Sitting by the campfire with friends, talking about the future, reminiscing about old memories and yearning to join the Marines is no longer a possibility for Nicholas Flacco.
His chance to live any kind of life was unfairly swiped from him, and now can never be returned, according to Flacco's close friend, Ryan Kerrigan.
A vigil for Flacco, a 20-year-old Penn State student who was shot and killed in South Philadelphia on March 30, was held at 6 p.m. on April 2 at Old Main lawn.
There were over 200 people in attendance, most being his close friends and fellow cadets in Penn State’s Marine Corps ROTC.
Kerrigan (sophomore-cybersecurity), a cadet in the Army ROTC program, spoke about his relationship with this long-time friend and how Flacco's death affected him.
“Me and Nick were close friends since grade school into high school, we would hang out almost every weekend and every night during the summer,” Kerrigan said. “I remember our first day in State College like it was yesterday. I remember the nights we would pull all nighters in Snyder Hall and when I tried kicking him out, he would look at me and say, ‘Stop bitching.'"
Kerrigan recalled that when he last saw Flacco, he never suspected it would be the last time ever.
“The last time I saw you was at HUB before you went home to celebrate your 20th birthday like you always wanted to, back at home with your friends,” Kerrigan said. “What I didn’t know, is that this wouldn’t be a ‘see you later,’ but a ‘goodbye.’"
Kerrigan addressed Flacco in his speech, as if he were saying goodbye one last time.
“What happened last Saturday wasn’t fair to you, Nick,” he said. “We might not ever know what happened, but what we do know is that you were an awesome friend to everyone. No parent should ever burry a child at such a young age.”
Before his speech, Kerrigan addressed how emotional his speech would make him feel, and went on to give the speech with tears in his eyes, sniffling.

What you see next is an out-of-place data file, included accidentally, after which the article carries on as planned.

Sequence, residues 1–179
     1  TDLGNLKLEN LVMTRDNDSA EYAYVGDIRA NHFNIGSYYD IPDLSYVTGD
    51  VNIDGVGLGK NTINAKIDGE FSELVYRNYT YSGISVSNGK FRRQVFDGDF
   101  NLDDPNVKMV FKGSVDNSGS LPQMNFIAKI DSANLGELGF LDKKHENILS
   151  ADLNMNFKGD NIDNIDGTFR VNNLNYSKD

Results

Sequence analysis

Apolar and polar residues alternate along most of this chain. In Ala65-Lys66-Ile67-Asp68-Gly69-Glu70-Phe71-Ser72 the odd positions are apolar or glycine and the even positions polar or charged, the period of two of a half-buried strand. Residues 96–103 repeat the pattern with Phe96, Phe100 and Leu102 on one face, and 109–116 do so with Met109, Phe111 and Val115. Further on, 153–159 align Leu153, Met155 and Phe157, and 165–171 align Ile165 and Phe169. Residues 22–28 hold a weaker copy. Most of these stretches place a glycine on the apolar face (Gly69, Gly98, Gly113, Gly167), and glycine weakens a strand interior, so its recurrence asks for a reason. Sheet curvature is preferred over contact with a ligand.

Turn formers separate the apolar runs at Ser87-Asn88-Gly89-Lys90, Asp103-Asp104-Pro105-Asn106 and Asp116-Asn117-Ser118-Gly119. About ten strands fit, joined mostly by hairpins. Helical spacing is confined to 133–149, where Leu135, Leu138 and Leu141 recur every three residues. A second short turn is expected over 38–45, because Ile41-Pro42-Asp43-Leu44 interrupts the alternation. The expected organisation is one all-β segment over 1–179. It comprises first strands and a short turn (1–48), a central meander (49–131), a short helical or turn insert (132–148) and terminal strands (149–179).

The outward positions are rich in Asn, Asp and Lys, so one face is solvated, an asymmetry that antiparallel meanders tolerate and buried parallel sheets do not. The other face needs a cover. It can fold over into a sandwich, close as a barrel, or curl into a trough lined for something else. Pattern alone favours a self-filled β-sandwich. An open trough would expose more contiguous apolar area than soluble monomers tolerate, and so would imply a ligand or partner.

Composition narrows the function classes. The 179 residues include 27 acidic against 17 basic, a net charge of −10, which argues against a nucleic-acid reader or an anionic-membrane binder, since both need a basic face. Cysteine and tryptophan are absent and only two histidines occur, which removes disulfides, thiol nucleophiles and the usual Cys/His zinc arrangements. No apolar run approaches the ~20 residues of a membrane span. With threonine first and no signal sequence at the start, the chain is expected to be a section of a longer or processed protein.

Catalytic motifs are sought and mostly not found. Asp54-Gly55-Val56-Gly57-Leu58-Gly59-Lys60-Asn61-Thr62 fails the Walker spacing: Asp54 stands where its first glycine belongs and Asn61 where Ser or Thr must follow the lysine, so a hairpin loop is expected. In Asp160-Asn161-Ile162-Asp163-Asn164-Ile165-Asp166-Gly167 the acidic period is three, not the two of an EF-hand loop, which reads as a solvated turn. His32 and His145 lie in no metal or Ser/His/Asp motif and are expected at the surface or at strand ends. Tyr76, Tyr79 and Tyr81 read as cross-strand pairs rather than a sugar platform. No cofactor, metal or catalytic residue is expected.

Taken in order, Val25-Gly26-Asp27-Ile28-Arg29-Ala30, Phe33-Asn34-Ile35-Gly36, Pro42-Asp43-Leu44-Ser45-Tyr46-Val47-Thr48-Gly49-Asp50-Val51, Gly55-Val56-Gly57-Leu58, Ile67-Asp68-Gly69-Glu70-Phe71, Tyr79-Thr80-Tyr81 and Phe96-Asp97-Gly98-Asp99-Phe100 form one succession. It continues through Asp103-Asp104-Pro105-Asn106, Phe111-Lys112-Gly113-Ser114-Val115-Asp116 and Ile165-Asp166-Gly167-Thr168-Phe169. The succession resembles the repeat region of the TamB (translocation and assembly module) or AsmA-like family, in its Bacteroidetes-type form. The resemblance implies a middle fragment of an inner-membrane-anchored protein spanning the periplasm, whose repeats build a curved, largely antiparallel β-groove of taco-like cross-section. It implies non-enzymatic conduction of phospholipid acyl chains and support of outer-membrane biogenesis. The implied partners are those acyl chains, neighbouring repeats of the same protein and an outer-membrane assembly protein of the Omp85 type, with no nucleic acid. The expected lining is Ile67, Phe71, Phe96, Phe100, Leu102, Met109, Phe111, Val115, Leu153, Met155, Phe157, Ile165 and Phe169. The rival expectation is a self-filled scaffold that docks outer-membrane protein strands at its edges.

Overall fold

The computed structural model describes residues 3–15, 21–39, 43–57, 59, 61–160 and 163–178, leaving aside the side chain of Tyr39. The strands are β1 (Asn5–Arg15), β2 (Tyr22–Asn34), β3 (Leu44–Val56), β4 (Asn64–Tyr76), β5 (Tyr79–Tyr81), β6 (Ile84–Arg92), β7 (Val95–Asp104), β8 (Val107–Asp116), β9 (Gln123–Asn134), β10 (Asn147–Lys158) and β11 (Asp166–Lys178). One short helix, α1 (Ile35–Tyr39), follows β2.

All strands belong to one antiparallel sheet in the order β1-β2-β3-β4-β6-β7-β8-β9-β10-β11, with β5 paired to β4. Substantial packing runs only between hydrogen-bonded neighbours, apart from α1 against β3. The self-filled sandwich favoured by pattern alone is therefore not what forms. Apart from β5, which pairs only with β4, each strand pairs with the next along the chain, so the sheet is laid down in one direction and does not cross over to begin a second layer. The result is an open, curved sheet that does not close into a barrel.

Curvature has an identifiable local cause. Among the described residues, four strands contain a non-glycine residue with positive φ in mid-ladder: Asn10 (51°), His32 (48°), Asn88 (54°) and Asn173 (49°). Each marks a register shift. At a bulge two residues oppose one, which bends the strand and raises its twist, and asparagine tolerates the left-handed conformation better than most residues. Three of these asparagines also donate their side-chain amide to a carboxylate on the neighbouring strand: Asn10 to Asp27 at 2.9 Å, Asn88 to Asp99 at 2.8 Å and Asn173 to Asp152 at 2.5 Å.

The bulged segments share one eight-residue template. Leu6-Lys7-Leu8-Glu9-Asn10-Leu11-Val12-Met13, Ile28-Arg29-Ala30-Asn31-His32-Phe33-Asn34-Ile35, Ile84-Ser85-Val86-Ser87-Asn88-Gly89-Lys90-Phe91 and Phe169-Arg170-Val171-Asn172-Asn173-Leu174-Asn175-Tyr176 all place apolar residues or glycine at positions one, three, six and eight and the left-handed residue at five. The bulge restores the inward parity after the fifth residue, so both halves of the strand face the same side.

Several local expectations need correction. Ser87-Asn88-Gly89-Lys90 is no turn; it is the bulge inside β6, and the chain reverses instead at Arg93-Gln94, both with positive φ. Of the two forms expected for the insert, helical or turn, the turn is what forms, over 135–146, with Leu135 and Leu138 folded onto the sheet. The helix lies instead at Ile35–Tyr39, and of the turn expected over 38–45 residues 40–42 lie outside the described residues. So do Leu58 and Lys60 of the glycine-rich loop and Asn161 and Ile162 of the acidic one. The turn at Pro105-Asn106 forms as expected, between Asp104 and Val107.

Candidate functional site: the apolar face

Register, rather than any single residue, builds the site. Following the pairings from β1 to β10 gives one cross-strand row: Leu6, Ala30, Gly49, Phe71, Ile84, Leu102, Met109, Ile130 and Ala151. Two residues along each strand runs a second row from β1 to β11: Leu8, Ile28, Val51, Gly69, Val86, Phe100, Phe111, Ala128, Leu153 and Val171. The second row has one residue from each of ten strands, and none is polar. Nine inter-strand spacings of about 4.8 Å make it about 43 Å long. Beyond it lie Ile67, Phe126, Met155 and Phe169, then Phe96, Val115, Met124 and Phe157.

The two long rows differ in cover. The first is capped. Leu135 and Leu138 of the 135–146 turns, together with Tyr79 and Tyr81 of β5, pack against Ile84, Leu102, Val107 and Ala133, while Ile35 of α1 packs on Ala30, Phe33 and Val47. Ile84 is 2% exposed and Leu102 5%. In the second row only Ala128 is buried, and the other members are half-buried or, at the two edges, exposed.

Still going through the stages of grief, Kerrigan spoke about how unfair this felt, and how unfair and saddening this must have felt to all who attended.
“It's not fair for all of us gathering here, for everyone else it’s just another Tuesday at Penn State, but not for us,” he said. “While all these future memories and experiences we could’ve made were taken from us and lost forever, we aren’t here to mourn the 'what if's and 'should’ve been's. We are here remembering the memories you left us behind to cherish, we will keep these memories in our hearts for the rest of our days. May you rest in peace knowing you are loved, as an incredible son, tremendous brother and my friend.”
Close friend, co-worker and, for "all intents and purposes," brother to Flacco, Philip Clauhs offered the crowd some advice — to remember Flacco will never be gone, for he will always remain in their hearts.
“Nick is still with us, and he always will be. There is no ‘was’, there only is the future,” Clauhs (junior-strategic communications) said. “Nick never looked back, he never regretted anything, he only looked towards the future, and that’s what we have to do today."
In Flacco’s memory, Clauhs offered the crowd some anecdotes that made him and everyone in the crowd, crack a smile.
“The first time I met Nick, I knew we were gonna be best friends. He had this can-do attitude, no one could keep him down, it didn’t matter who you were, he stood up to anybody,” Clauhs said. “I know that he’s looking down on us now, he’s never gonna be gone, he’s always gonna be with us.”
Soon after all the speeches given, Daniel Vandiver led a prayer in which everyone bowed their heads and took a knee.
“Lord, I pray for all of those hurting here today, that they will look forward to the future knowing that you had a plan, that there is good that will come from this,” Vandiver (sophomore-supply chain information systems and applied French) said. “Even if he’s gone, he brought us closer together. I pray for those who are suffering from his loss, to know that you are not alone.”
Gaven Womack, a cadet in the Marines ROTC and Flacco's roommate, was affected by the words said before him and continued the sentiment of memory and reminiscence.
“Flacco was truly fearless and loyal, he was honestly, a truly loyal friend to anybody,” Womack (sophomore-international politics) said. “Flacco, we’ll miss you brother.”
At the end of the service, Flacco’s friends and fellow cadets crowded around in a huddle to originally mourn as a group, but they ended up telling stories and jokes about Flacco that made their tears fade away into smiles and laughter.